With Pith

Ethan Petuchowski

The Tone Makes the Point

Recently, hot-shot investor Paul Graham wrote a piece about economic inequality. This essay provoked a lot of dialogue online. I read the piece, and a few responses to it. I enjoyed the essay, and I found it very persuasive. In fact, I would say my ‘opinion on the matter’ has been changed by reading the essay and its accompanying summary by the author. The responses I read were also very interesting. They were from seemingly center-left-wing individuals like myself, only they were not persuaded by Graham’s arguments.

My point here is not so much to discuss the piece, as the tone of the piece. This piece was written with a tone that raises the hair on the back of the necks of liberals. This may have been unintentional on the part of Graham, …although considering the follow-up discussions of his previous piece on females in tech, may he just likes raising those particular hairs (they’re called “hackles”).

I will now summarize what I took from the essay. Technology increases the potential productivity of people at an exponential rate. Since some people do not become more productive, this correspondingly increases the variability of productivity within the population. Those who are more productive in producing innovative goods are benefitting society. They mainly only are interested in being more productive because of the possibility of getting rich off of it. If we want to help the poor, the problem is not that there are rich people; the problem is that there are poor people. To help the poor, instead of taking away the ability for the productive to get rich, we should help the poor become more productive. This is because economic inequality per se is not the issue, poverty is.

For me, this is, as I’ve mentioned, both convincing and enlightening. But there are two concerns any left-winger is almost certainly going to bring up. First, a lot of people’s wealth is not made by being productive in a way that benefits society; shouldn’t we wage class-war against them? Second, even people who became rich by benefitting society, are likely to abuse their wealth via some form of corruption, so that’s why we should prevent them from getting rich in the first place. After those two arguments, there are a few other popular rebuttals. (E.g.) Third, why should we allow some people to be that much richer than everyone else; something about it seems creepy, therefore it should be prevented.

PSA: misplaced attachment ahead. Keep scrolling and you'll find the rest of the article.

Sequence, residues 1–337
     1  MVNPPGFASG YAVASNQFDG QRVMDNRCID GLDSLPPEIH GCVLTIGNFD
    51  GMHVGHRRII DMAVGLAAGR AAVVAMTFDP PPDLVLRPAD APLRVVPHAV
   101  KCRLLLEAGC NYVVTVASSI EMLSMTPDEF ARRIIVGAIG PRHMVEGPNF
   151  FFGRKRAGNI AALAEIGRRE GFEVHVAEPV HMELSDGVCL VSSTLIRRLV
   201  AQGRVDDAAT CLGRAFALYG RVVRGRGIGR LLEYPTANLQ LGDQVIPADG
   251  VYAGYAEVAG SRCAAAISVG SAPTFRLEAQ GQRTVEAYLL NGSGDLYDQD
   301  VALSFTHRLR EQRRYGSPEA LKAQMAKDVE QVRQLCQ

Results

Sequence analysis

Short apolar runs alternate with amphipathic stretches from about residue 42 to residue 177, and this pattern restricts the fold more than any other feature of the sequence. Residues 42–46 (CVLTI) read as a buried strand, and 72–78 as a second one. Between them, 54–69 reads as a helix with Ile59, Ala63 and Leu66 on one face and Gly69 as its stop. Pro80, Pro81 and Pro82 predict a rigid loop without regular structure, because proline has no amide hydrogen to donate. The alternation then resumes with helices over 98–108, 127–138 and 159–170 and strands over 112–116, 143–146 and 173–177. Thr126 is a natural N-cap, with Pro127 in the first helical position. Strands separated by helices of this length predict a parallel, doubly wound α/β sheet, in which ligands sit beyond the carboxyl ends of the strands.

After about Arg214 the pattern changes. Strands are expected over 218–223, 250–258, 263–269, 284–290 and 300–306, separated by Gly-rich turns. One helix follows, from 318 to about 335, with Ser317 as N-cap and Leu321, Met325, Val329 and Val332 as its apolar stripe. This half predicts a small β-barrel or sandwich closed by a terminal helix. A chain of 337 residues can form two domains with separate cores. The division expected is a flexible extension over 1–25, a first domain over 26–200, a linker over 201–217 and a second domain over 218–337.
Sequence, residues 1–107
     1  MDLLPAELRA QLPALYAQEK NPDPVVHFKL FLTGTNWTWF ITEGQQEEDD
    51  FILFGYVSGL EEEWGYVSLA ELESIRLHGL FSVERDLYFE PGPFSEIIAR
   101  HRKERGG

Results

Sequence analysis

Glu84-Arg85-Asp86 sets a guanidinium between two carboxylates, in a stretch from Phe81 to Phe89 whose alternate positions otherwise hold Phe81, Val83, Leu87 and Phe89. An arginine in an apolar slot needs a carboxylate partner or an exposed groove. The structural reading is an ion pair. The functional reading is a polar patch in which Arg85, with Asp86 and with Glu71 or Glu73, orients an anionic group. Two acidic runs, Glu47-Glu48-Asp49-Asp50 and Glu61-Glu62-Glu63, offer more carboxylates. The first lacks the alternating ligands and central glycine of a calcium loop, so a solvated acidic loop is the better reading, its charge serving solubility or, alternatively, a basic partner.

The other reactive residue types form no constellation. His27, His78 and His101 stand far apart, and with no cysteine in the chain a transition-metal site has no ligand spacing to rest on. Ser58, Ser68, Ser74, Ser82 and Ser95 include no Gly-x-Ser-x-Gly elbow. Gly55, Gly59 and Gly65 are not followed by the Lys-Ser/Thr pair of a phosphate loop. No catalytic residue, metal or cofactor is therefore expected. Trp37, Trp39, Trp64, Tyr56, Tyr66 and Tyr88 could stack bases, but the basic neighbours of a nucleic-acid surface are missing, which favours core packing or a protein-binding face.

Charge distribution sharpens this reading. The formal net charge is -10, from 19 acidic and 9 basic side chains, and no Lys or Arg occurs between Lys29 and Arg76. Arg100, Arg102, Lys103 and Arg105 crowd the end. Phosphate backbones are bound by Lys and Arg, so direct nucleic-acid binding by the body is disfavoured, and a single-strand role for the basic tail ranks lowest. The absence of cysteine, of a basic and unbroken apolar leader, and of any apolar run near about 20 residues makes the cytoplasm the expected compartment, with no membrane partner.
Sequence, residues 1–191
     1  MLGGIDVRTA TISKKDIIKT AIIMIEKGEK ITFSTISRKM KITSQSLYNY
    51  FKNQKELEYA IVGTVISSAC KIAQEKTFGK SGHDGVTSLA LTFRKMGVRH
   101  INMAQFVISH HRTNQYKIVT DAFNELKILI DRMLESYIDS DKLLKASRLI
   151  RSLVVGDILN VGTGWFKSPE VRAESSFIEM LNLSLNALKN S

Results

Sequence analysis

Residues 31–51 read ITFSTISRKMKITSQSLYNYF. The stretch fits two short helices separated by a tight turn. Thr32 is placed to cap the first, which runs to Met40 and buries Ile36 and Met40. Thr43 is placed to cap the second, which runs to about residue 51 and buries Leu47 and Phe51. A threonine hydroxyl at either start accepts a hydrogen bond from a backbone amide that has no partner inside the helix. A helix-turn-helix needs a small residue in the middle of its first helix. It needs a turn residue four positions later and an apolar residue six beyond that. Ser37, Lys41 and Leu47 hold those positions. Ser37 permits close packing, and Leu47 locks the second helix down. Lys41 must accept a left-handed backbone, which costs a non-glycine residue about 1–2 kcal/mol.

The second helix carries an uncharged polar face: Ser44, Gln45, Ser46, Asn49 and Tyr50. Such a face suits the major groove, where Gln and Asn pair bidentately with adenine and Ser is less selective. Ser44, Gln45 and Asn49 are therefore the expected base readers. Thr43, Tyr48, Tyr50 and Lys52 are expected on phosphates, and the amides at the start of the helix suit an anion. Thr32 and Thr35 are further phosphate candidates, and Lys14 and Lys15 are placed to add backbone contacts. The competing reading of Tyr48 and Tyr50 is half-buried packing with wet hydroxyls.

These are legitimate concerns, they just don’t actually rebut anything Graham was saying. That’s why, if Graham wants to have a legitimate conversation with people who are going to make the above rebuttals, his argument should start by saying that those rebuttals are correct, and then go into how it is still the case that his original arguments are correct. In this way, the hackles are down, and the legitimate points can be heard.

However, maybe Graham wasn’t writing the essay for left-wing people to be convinced. Maybe he was trying to convince right-wing people. If that is true, the essay was pointless, because right-wing people already agree with the opinions he stated. Or maybe he was writing the essay for maximum “virality” to increase his fame and international mindshare. In that case, I’m not a good judge of effective argument technique.